Last week, Majority Leader Reid vowed to abolish filibusters – what he once heralded as “part of the fabric of this institution” – in the 113th Congress if he is still Majority Leader. Not only is this drastic change to an integral part of Senate procedure “misguided,” as Vice President Biden once said, it is also completely unnecessary. Rather than casting aside Senate history, the Majority Leader should abandon election-year political gimmickry and instead allow for a full and fair amendment process in the Senate.
Allowing the minority to debate and amend legislation has given way to the Democrats’ election-year political strategy of blaming Republicans as obstructionists. Majority Leader Reid has done this by preventing Republicans from amending pending legislation and by-passing the committee process.
The Senate Should be a Forum of Free and Open Debate
The Senate is a unique legislative institution, designed to guarantee that the minority party – and the large block of Americans it represents – has a voice. Traditionally, this body functions well when the majority party works to find consensus with the minority party on the process and substance of legislation. Consultation and compromise with the minority party historically has been the rule, not the exception it has become in recent years.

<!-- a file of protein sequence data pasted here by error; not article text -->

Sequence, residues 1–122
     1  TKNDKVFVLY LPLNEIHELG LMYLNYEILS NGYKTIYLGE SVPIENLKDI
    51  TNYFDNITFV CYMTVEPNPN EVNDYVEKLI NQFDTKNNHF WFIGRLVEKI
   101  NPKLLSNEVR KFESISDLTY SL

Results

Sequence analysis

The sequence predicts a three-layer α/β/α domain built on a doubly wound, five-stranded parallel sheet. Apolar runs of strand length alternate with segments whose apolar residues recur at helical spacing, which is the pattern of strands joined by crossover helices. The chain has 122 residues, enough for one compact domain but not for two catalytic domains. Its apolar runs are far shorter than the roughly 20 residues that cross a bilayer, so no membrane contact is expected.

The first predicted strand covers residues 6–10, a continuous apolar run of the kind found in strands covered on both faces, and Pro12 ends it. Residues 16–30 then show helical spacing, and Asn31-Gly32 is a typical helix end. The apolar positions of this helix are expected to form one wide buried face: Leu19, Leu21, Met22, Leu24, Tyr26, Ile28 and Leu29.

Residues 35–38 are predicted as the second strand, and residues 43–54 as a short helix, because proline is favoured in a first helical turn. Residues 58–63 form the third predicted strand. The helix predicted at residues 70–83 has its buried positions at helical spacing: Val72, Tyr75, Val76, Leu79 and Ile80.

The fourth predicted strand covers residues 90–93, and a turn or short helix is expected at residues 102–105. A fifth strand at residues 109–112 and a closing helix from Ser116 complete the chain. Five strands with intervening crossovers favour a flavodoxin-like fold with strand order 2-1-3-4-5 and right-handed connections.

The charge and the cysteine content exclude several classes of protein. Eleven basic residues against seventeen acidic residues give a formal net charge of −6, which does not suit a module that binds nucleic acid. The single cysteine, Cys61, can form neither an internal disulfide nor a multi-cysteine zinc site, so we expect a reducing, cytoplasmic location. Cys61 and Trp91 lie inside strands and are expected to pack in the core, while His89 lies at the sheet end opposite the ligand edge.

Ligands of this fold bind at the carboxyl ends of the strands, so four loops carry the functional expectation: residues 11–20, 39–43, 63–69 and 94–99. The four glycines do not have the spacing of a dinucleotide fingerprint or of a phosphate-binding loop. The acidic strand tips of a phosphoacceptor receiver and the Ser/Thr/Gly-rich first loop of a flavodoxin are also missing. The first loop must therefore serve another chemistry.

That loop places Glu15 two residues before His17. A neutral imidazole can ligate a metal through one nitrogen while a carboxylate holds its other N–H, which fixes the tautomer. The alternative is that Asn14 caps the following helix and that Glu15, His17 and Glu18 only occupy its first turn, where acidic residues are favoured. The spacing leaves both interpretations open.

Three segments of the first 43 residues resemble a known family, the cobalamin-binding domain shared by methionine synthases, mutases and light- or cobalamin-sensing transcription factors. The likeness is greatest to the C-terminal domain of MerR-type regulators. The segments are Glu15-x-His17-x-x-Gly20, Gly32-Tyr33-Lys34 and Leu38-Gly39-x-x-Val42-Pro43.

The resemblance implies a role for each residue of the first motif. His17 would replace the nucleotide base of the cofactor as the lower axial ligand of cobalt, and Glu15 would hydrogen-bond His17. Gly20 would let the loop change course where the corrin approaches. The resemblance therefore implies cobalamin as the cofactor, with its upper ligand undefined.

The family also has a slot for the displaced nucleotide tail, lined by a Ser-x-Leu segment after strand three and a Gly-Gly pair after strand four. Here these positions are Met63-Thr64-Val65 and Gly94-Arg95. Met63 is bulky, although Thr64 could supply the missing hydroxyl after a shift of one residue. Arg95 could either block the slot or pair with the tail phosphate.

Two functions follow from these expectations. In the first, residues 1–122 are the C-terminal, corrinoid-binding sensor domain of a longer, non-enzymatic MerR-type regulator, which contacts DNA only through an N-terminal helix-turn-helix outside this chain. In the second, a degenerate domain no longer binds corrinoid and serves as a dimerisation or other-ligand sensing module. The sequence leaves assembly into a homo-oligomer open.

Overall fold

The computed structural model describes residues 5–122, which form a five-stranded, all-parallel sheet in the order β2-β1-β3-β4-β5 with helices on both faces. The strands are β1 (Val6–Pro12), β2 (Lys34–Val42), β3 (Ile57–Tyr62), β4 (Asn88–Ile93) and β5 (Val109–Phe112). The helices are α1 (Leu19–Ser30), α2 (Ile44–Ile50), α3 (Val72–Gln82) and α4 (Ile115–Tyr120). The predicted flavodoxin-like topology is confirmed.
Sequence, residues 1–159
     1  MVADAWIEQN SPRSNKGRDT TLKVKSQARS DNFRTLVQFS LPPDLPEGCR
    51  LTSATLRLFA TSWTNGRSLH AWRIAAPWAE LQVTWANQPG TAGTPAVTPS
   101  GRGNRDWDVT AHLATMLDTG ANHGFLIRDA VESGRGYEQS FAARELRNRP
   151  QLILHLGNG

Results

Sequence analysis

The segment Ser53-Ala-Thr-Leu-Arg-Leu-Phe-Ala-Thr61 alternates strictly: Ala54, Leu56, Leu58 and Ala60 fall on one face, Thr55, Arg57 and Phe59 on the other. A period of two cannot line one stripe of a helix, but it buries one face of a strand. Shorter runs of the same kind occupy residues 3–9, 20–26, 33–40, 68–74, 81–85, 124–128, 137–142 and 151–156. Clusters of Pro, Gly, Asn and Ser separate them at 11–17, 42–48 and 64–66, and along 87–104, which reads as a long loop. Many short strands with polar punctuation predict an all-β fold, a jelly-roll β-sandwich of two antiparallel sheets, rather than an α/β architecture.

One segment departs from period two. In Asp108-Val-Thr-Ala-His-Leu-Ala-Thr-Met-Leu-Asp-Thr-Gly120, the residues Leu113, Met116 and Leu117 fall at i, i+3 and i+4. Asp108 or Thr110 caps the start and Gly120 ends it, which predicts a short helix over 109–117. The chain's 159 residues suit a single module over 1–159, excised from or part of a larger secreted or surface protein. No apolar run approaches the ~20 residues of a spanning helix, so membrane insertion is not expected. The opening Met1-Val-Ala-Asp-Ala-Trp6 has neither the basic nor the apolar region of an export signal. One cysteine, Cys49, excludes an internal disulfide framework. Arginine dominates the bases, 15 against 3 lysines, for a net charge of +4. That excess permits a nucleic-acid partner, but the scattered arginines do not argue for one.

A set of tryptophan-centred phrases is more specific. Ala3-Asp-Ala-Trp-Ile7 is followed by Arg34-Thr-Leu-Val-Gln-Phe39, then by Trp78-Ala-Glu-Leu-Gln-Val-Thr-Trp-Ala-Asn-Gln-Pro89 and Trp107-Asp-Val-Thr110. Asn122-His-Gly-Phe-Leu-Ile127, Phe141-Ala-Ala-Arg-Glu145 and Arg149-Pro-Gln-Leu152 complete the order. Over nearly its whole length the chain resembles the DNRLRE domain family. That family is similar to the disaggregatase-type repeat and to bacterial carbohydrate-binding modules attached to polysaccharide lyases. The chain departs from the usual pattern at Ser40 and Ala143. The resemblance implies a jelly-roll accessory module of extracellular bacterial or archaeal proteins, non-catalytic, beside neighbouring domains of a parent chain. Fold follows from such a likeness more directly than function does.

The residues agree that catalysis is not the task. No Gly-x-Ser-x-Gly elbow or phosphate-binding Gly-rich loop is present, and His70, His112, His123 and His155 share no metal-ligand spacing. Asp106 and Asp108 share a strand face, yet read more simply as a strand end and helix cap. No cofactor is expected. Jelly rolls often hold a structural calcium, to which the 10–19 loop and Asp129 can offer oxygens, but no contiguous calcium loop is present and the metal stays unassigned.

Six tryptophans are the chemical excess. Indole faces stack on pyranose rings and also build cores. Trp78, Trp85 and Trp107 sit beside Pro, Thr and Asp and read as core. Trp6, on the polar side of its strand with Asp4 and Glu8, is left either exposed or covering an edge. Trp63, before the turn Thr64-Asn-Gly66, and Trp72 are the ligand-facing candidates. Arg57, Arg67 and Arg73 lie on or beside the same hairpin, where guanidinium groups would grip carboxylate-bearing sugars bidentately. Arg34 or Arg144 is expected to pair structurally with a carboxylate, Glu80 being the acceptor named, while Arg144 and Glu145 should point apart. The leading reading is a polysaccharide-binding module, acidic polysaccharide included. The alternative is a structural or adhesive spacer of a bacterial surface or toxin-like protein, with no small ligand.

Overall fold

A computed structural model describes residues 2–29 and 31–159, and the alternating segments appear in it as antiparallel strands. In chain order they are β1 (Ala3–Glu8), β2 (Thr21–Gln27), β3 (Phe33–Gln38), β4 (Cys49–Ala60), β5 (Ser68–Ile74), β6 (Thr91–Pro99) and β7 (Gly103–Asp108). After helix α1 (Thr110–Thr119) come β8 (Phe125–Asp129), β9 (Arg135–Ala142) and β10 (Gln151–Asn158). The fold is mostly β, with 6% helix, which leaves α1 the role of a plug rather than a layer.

Senator Robert Byrd understood the importance of allowing for a full debate and amendment process in order to preserve the Senate as a unique institution in our democracy – “the one place in the whole government where the minority is guaranteed a public airing of its views.” The Senate, he taught, “was intended to be a forum for open and free debate and for the protection of political minorities.” Indeed, “as long as the Senate retains the power to amend and the power of unlimited debate, the liberties of the people will remain secure.”
A Senate without the power to amend and fully debate would lead, as Leader McConnell noted last week, to a Majority Leader with centralized power – and diminished opportunity for all Senators to participate and represent their constituents.
Democrats Have Blocked Input on Legislation